Code46 Photo: United Artists
Finally, if you get your kicks from seeing two people stranded in the ocean and menaced by sharks for 79 minutes, Open Water is the movie for you. Full disclosure: I’m not a water person, and this low-budget digital feature by Chris Kentis (who co-photographed the film with producer Laura Lau) taps into some of my worst nightmares. Still, the movie strikes me as purely grim and sadistic, without the tingle of delight that accompanies the best horror films. Its big selling point is that the sharks circling the performers (who earned their undoubtedly meager salary on the basis of suffering rather than acting ability) are real, lured by “chunks of bloody tuna,” according to the production notes. I’m sorry, but give me Bruce the mechanical shark, not to mention Steven Spielberg’s good-humored entertainment sense, any day.--John Calhoun
Open Water Photo: Laura Lau/Lions Gate Films
Seen on Broadway: Last week’s Roundabout production, Fiction, suffered from too little scenic design. Its revival of Arthur Miller’s After The Fall has the opposite problem, though the setting is the least of the production’s ills. This fragmented memory play, first produced in 1964, unfolds in the mind of its protagonist, Quentin, a lawyer obsessively reviewing his failed relationships with his family, friends, and wives. [One of the former spouses, the alcoholic, pill-popping singer Maggie, is a transparent gloss on Miller’s wife, Marilyn Monroe; another character, who informs on his Communist friends, is clearly based on Elia Kazan, who was somehow cajoled into directing the original staging.] Michael Mayer, who directed the revelatory 1997 revival of Miller’s A View From the Bridge, has set this Fall at Idlewild Airport, in 1962—not an Idlewild of the mind, but a full-scale replica of a period TWA departures lounge, with swooping staircases and planes of platforms that would make Steven Spielberg, who set his last two films at the airport then and now, green with envy. It’s stunning stagecraft from scenic designer Richard Hoover, but impractical; the actors are uncomfortably blocked among the sleekly modernist bric-a-brac. I know the theater is the American Airlines, but this is ridiculous. And I’m told that at least one of the performers stumbled on one of its ramps. That would be the lead, Six Feet Under star Peter Krause, in a DOA Broadway debut.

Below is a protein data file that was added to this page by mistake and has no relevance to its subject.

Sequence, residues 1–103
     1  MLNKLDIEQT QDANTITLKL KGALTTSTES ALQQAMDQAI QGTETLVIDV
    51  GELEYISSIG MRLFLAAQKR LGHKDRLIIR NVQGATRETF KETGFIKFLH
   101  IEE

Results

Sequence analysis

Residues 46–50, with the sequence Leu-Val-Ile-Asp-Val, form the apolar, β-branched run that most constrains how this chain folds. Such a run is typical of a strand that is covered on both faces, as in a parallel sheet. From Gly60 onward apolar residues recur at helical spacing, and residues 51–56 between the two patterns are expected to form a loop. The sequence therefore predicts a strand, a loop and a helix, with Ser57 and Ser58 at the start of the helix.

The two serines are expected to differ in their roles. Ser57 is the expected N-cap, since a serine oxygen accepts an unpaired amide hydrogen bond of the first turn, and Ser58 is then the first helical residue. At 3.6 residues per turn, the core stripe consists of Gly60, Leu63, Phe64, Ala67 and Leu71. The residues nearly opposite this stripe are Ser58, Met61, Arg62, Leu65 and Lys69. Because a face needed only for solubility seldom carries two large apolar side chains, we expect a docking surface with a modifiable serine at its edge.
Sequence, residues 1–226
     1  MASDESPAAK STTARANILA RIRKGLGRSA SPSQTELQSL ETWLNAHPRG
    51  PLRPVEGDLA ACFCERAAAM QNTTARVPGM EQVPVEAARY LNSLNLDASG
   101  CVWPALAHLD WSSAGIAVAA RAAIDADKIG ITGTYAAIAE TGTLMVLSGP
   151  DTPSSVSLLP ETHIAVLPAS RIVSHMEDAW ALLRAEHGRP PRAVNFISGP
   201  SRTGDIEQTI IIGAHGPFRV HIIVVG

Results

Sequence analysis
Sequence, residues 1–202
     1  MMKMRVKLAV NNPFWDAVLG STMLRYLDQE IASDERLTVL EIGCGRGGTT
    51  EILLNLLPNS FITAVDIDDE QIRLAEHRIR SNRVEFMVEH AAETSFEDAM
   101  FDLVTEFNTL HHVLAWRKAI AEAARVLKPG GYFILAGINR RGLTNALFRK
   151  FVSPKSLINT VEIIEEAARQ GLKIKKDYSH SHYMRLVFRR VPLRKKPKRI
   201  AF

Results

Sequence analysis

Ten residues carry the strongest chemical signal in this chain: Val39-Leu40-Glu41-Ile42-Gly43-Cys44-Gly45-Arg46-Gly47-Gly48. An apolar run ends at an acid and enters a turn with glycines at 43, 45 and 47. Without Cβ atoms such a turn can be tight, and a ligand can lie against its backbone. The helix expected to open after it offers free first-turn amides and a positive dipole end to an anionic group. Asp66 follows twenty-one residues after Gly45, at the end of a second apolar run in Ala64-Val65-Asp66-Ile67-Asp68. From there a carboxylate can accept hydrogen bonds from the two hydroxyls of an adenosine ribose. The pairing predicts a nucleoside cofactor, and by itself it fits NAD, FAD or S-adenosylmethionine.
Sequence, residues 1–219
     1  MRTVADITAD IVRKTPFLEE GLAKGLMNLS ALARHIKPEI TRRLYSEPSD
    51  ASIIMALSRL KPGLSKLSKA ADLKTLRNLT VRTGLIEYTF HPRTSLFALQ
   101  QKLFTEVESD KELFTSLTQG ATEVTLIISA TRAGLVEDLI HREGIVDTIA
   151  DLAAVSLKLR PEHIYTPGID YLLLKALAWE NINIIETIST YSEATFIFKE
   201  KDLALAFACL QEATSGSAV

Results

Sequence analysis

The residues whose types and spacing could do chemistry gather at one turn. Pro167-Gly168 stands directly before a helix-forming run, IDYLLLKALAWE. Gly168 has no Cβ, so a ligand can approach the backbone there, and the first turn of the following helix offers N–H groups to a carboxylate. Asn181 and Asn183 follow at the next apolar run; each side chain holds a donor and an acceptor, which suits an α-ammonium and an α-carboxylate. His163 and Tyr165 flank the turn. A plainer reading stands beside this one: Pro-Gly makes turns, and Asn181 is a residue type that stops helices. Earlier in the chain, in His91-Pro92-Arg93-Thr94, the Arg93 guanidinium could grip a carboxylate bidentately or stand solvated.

After The Fall From left, Carla Gugino, Peter Krause, and Jessica Hecht in After the Fall. Photo: Joan Marcus
Quentin, a difficult, exasperating role, is entirely beyond his TV-smoothed inexpressiveness. The character must register as deceptive, manipulative, and cunning—moods not in his repertoire, which consists entirely of a blank, slightly constipated handsomeness. He makes Sean Combs look like Olivier. But, in all fairness, Combs starred in a neglected masterpiece, A Raisin in the Sun. Miller’s play has a certain sordid fascination, particularly when Quentin and Maggie (another, better-equipped Broadway first-timer, Carla Gugino) spar in Act II. Mostly, though, it’s painfully overwritten, dragging in the Depression, the Holocaust, and McCarthyism; even with a less insipid cast (including a rote Jessica Hecht as Quentin’s put-upon, sneering first wife, Louise) and a few cuts and revisions made for this outing, it’s hard to see what made it worth exhuming.